The Federal Reserve Chair Jerome Powell said Wednesday that reducing the record-high inflation in the US will require a below-trend growth in the American economy for some time.
"Reducing inflation is likely to require a sustained period of below-trend (economic) growth, and it will very likely be some softening of labor market conditions," Powell told a news conference after the conclusion of its two-day meeting.
The Fed, in its much-anticipated meeting, raised its benchmark interest rate by 75 basis points for the third consecutive time to fight record inflation, carrying the target range for the federal funds rate to the 3.00%-3.25% range.
"We are moving our policy stance purposefully to a level that will be sufficiently restrictive to return inflation to 2%," Powell said.
He said that price stability serves as the bedrock of the American economy, he said: "Without price stability, the economy does not work for anyone."
Powell said the Federal Open Market Committee (FOMC) members are "acutely aware" that high inflation imposes significant hardship as it erodes purchasing power.
The chair stressed that the FOMC members will be looking for "compelling evidence" over the coming months that inflation is moving down and returning to 2%, and added that the pace of interest rate increases will depend on incoming macroeconomic data.
Powell, however, again signaled that the Fed could put a break on rate hikes.
"At some point, as the stance of monetary policy tightens further, it will become appropriate to slow the pace of increases while we assess how our cumulative policy adjustments are affecting the economy and inflation."
Powell reiterated that the Fed will continue rate hikes "until the job is done" as he referred to lowering inflation, and echoed his comments during the Jackson Hole symposium held at the end of August.
- 'Failure to restore price stability would mean far greater pain'
He said the median for the year-end projections suggest another 125 basis points, or 100 basis points, of rate increases, but noted that the FOMC did not vote on that decision at this meeting.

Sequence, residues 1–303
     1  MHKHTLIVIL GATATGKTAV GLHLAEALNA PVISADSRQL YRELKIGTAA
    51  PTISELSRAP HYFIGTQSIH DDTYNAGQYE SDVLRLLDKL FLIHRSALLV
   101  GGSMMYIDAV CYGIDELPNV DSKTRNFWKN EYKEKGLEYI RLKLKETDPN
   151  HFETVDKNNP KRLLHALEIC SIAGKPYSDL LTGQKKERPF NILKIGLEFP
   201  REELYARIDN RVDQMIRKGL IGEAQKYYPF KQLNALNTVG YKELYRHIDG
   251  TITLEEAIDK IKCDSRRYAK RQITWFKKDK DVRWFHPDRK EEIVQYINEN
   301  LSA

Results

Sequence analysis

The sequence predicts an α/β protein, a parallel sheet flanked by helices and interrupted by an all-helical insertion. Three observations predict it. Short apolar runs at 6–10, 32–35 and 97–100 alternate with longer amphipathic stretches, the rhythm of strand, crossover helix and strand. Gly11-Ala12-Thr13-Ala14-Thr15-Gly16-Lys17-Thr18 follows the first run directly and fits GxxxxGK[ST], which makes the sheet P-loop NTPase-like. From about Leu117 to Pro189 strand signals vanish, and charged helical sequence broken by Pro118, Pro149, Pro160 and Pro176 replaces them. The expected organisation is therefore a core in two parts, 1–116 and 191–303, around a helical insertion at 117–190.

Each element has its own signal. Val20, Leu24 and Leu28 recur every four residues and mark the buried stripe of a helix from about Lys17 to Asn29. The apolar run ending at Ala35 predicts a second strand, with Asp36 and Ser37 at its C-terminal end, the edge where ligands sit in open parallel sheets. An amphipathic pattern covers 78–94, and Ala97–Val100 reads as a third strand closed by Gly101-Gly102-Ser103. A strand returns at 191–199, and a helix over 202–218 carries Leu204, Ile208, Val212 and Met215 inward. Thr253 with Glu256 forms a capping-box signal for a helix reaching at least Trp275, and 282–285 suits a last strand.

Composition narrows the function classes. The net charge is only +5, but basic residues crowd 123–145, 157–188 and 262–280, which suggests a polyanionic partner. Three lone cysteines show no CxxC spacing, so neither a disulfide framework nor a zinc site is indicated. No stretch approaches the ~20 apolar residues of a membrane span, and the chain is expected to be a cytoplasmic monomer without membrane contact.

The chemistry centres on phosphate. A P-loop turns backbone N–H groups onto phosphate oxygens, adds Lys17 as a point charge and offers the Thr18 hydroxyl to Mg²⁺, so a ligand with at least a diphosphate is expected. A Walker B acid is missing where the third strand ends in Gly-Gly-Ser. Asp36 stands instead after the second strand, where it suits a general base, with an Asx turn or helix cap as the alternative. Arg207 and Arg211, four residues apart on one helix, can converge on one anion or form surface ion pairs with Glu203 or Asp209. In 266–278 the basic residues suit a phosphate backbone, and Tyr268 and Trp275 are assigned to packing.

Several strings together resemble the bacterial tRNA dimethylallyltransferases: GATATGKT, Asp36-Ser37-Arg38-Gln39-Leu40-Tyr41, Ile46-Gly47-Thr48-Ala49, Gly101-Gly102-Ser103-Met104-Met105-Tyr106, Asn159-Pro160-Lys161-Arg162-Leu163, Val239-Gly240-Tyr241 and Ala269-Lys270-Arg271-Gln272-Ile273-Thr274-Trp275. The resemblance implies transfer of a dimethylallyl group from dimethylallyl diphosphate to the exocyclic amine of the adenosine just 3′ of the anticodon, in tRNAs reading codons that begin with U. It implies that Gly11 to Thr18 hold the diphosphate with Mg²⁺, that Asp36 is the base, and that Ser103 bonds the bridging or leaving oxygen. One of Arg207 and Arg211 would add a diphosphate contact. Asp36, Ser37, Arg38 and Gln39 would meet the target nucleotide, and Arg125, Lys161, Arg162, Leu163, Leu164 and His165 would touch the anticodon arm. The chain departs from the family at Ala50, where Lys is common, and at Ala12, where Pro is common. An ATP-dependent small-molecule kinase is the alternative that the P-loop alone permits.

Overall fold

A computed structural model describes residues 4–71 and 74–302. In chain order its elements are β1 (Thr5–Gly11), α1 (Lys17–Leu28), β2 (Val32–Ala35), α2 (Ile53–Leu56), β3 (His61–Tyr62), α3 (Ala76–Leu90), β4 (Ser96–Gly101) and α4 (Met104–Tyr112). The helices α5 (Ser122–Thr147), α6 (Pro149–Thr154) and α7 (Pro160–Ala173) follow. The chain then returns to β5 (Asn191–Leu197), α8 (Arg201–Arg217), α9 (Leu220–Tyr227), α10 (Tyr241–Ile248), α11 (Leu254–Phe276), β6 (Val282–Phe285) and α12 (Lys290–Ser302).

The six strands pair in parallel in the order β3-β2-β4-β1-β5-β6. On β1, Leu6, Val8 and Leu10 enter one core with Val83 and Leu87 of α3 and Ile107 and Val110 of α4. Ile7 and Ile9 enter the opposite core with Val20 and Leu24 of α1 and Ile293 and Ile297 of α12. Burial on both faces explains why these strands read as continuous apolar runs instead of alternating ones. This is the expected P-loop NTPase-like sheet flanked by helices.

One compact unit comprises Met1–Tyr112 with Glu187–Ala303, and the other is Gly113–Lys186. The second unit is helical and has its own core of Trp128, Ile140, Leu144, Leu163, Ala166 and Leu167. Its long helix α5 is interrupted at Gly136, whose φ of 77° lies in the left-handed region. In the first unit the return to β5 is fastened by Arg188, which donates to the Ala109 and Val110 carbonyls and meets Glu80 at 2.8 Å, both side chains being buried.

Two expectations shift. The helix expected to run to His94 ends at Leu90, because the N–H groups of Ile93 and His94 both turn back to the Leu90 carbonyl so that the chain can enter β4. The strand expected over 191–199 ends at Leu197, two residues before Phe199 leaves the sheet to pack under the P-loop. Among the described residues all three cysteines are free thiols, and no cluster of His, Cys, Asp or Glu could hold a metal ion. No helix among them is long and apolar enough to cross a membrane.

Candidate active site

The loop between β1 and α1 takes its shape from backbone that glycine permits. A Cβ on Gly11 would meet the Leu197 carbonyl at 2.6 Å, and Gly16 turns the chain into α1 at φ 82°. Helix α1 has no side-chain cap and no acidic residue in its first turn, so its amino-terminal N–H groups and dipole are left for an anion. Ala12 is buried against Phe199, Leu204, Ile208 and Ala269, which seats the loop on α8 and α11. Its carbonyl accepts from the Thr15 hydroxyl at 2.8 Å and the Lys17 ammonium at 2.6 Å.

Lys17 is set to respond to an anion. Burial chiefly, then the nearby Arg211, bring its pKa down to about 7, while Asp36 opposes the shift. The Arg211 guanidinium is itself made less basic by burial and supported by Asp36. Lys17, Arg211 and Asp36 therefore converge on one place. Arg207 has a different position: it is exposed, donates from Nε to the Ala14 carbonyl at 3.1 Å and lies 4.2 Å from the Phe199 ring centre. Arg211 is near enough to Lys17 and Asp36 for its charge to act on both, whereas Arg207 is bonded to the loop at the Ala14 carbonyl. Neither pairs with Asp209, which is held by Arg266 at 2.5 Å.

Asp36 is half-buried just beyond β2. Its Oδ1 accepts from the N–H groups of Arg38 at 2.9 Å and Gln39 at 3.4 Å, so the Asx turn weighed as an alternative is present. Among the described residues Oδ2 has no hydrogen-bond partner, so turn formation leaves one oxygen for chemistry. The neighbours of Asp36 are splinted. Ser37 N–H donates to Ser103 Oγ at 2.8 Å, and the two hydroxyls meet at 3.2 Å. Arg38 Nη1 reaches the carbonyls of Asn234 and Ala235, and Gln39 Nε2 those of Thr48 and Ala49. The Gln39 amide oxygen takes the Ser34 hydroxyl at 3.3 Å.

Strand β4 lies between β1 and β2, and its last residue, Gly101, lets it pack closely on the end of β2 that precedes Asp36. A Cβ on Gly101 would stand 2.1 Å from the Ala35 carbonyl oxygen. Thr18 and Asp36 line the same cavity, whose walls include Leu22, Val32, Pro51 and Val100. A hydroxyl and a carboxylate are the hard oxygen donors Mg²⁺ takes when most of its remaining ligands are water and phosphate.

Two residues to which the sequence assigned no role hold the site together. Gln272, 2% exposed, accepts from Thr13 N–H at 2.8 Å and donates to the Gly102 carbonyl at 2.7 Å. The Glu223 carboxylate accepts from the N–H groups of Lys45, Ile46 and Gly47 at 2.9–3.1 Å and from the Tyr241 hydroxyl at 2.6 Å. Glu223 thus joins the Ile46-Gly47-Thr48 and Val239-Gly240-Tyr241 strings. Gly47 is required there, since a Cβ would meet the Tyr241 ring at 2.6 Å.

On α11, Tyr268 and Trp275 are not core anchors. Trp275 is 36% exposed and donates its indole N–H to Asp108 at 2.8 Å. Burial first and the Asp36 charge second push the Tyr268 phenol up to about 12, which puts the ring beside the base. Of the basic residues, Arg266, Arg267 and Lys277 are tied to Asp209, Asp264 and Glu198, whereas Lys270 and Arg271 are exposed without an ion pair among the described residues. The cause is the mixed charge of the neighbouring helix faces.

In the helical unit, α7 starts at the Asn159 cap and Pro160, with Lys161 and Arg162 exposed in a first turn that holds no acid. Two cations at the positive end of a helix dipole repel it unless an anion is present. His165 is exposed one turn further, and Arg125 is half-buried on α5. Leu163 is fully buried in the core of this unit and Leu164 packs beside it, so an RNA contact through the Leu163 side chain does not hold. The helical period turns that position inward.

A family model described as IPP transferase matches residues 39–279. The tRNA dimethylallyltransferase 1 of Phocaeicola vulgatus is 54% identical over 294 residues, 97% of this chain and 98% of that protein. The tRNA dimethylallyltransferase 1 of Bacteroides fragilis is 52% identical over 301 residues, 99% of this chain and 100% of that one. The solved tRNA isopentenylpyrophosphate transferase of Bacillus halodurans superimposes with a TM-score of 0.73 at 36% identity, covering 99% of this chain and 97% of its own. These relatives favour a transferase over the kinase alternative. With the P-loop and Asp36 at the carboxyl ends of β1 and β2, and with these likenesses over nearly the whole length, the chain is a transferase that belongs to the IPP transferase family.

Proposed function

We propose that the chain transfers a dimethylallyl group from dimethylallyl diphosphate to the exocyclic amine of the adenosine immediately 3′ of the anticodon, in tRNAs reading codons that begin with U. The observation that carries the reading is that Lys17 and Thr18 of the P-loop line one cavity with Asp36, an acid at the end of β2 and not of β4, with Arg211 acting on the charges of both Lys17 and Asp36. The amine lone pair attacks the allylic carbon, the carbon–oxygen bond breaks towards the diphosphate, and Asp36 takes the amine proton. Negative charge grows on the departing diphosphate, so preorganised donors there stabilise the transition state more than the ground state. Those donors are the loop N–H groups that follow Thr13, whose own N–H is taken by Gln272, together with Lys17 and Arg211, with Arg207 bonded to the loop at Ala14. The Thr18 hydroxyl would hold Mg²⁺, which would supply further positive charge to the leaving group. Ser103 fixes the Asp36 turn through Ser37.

"Chances of a soft-landing are likely to diminish to the extent that policy needs to be more restrictive," Powell said, stressing that failure to restore price stability would mean "far greater pain" later on.
Restoring price stability while achieving a relatively modest increase in unemployment and a soft-landing will be very challenging. No one knows whether this process will lead to a recession, or how significant this recession will be. That's going to depend on how wage and price inflation pressures come down," he noted.
The chair also said higher interest rates, lower economic growth, and softening in labor market are all painful for the American public, but said they are not as painful as failing to restore price stability.
"We have got to get inflation behind us. I wish there was a painless way to do that, (but) there isn't. What we need to do is get (interest) rates up to the point where we put meaningful downward pressure on inflation. And that's what we are doing. We need to complete this task" he explained.
"It would be nice to wish (inflation) away, but there isn't. We have to get supply and demand back into alignment, and the way we do that is by slowing the economy," he added.
Powell said there is "a very high likelihood" that the US economy will have a period of below-trend and much lower growth, adding: "We are seeing that now."
The chair noted that the sectors of the American economy that are most interest rate-sensitive are certainly showing the effects of the Fed's monetary tightening, such as the housing industry, in which price increases are moving down.
"We are having an effect on interest-sensitive spending, exchange rates, exports and imports," he added.